2.1. Materials
2.1.1. Chemicals and Reagents

TMEA (BBP00642, purity > 98%), DMAG (BBP03490, purity > 98%), and DOMA (purity > 98%) were obtained from BioBioPha Co., Ltd. (Yunnan, China). Artemetin (MUST-16090508, purity > 98%, internal standard, IS) was supplied by Chengdu Mansite Pharmacetical Co., Ltd. (Chengdu, China). Cyclophosphamide (M17787, purity > 98%) was purchased from Meryer Chemical Technology Co., Ltd. (Shanghai, China). Ethyl acetate was purchased from Aladdin Reagents Co., Ltd. (Shanghai, China). LC/MS grade formic acid (T-27563) and acetonitrile were purchased from Thermo Fisher Scientific Co., Ltd. (USA). TIANamp Genomic DNA Kit was purchased from Tiangen Biotech Co., Ltd. (Beijing, China). Quick Start Bradford 1x Dye Kit was purchased from Bio-Rad Laboratories (California, USA). Distilled deionized water was freshly generated by a Plus Milli-Q water purification system (Bedford, MA, USA).

2.1.2. Animal Care

Sprague Dawley rats (certificate number: SCXK2020-030, 8 to 10 weeks old, bodyweight of 180 to 220 g, half male and half female) were obtained from Da-suo Bio-technology Co., Ltd. (Chengdu, China). All animal experiments were performed in strict accordance with the U. S. guidelines [15] that were approved by the ethical committee on Use and Care of Animals of Southwest Medical University (No. 20160276). Prior to the experiment, animals were housed in a temperature-controlled facility with a 12-h light/dark cycle and were provided unlimited access to food and water for 7 days. The animals were subsequently fasted for 12 h before dosing, with free access to water.

2.2. Methods
2.2.1. Establishment of the Thrombocytopenia Rat Model

A thrombocytopenic rat model was established according to the method in relevant literature [16]. Following this method, 40 healthy SD rats (half male and half female) were arbitrarily divided into the normal (n = 12) and model groups (n = 28). The model group was intraperitoneally injected with 150 mg/kg cyclophosphamide on the first day and 50 mg/kg cyclophosphamide daily from the days 2 to 3. A solution of 0.9% physiological saline was intraperitoneally injected into the normal group using the same dosage. On the last day, 40-μL blood samples were collected from six normal rats and six model rats. Routine blood tests were subsequently performed using an XT-1800i/2000IV automatic blood cell analyzer (Sysmex Corp., Kobe, Japan). The bone marrow cells were collected, and the total bone marrow cell count, DNA content, and protein content of each sample were calculated with the automatic blood cell analyzer, a NanoDrop OneC microultraviolet-visible spectrophoto meter (Thermo Electron Corp., Waltham, USA), and a BioTek Cytation3 multifunctional cell imaging detection system (BioTek Corp., Vermont, USA), respectively. Simultaneously, the heart, liver, spleen, lung, kidney, and thymus were harvested to measure the visceral index.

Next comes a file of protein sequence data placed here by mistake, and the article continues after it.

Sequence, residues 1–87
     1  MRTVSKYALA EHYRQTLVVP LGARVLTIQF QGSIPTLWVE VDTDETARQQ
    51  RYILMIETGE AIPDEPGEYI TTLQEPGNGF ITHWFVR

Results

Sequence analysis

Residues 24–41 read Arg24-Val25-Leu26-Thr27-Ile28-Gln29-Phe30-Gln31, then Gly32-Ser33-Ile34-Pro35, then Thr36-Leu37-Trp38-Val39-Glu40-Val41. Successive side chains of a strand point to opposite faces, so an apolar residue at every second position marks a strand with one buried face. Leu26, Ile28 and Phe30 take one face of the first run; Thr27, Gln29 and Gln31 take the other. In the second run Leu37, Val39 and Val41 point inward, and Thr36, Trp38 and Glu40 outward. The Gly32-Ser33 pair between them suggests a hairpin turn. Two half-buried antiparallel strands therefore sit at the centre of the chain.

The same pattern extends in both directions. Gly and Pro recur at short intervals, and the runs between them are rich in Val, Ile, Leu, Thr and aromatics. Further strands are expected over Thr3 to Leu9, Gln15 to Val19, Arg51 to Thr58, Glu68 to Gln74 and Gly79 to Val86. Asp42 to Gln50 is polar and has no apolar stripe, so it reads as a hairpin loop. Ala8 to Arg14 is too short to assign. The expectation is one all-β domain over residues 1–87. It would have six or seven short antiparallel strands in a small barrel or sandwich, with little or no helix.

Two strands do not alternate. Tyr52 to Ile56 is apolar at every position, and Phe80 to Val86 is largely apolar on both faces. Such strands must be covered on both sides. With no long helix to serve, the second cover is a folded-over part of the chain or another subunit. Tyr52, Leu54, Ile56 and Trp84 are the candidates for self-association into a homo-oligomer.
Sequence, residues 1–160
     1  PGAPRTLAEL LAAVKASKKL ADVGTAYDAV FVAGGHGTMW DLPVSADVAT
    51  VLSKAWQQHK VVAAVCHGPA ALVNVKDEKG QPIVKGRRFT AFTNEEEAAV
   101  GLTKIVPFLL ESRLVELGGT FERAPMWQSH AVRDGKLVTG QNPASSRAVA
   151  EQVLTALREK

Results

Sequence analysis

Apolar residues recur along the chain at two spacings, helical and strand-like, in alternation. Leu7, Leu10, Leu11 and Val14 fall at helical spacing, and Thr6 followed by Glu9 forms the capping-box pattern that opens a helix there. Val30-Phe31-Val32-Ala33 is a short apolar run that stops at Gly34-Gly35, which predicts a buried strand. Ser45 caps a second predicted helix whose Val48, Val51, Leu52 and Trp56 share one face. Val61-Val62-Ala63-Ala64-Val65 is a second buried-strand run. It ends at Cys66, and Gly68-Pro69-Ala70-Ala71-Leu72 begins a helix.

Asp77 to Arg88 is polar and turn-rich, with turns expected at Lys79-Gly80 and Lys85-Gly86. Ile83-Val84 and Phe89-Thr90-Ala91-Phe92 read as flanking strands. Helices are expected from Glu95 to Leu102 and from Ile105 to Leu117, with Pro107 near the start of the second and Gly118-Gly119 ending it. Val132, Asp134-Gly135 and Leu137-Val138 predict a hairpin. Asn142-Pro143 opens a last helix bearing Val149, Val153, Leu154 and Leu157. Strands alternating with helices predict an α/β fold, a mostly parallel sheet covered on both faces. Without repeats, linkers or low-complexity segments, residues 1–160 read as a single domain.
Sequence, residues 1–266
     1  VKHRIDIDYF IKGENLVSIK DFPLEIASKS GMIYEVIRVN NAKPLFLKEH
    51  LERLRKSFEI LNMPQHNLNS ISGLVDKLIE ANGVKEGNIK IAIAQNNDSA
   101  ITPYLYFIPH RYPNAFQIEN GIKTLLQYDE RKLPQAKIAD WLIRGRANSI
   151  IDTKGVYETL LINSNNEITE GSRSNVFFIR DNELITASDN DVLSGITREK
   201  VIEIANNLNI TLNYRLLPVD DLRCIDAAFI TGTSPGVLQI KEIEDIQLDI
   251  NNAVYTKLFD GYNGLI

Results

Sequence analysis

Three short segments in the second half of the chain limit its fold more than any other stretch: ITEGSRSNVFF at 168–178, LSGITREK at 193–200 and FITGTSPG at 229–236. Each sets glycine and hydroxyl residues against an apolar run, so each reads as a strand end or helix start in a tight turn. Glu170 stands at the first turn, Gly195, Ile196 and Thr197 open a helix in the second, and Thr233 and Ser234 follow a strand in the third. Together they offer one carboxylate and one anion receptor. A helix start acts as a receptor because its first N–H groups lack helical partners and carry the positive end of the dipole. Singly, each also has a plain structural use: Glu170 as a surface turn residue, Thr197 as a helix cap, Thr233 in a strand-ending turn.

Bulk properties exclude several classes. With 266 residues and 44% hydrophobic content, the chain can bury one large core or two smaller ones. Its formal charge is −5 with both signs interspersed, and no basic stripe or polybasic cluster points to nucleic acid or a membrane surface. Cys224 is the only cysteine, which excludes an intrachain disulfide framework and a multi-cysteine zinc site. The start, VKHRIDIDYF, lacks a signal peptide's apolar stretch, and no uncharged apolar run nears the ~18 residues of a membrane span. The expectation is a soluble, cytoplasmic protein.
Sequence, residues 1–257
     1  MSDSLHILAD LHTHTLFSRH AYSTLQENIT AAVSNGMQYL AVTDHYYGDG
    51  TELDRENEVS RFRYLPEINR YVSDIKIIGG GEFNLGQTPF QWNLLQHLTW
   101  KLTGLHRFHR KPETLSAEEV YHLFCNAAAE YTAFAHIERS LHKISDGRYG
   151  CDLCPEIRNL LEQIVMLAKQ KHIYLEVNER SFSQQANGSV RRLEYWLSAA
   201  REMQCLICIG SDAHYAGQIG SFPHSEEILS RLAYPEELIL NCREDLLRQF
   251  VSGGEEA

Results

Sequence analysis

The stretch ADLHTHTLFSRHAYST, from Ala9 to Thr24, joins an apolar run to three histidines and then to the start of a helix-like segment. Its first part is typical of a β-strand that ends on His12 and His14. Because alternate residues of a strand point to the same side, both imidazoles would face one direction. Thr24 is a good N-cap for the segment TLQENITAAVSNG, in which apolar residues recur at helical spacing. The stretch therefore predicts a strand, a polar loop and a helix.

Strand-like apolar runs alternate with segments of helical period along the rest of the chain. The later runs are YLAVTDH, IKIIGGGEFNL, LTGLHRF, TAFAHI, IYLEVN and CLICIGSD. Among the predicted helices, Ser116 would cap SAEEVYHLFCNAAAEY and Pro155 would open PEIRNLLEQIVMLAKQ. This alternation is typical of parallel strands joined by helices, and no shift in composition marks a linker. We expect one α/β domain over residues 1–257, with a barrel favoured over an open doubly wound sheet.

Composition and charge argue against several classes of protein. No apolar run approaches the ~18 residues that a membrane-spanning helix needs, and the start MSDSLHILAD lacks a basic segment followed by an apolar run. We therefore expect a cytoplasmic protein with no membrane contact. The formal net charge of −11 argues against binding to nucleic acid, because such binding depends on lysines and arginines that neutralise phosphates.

2.2.2. Instrument and Chromatographic Conditions

The analysis was performed on a UHPLC-MS/MS system (Shimadzu Corp., Tokyo, Japan) using an Acquity Shim-pack GIST column (2.0 × 75 mm, 2.0 μm, Shimadzu Corp., Japan), consisting of a SIL-30AC automatic sampling device, four LC-30AD infusion pumps, a DGU-20A5 online degasser, an SPD-M30A detector, an LC–MS-8050 triple-quadrupole mass spectrometer, a CTO20A column oven, and a CBM-20A system controller. The column temperature was maintained at 40°C with a flow rate of 0.3 mL/min. The mobile phase for this analysis was composed of 0.1% formic acid water (solvent A) and acetonitrile (solvent B). The gradient condition was as follows: a linear gradient elution of 70% to 90% solvent B for the initial 2 min, followed by an isocratic elution of solvent B for the next. The injection volume was 10 μL.

The mass spectrometer was operated in the positive and negative ion mode. Multiple reaction monitoring (MRM) acquisition mode was used to monitor the precursor-to-product ion transition. The MRM fragmentation transitions were m/z 343.20⟶328.10 for TMEA and m/z 389.15⟶331.15 for IS (Figure 2). The collision energy for TMEA and IS were set at 17 eV and 35 eV, respectively. The flow rates of atomizing gas, heating gas, and drying gas were 2.0 L/min, 10.0 L/min, and 10.0 L/min, respectively. The interface voltage and temperature were maintained at 4 kV and 300°C. The desolvation temperature was 250°C, heating block temperature was 400°C, and detector voltage was 2.24 kV.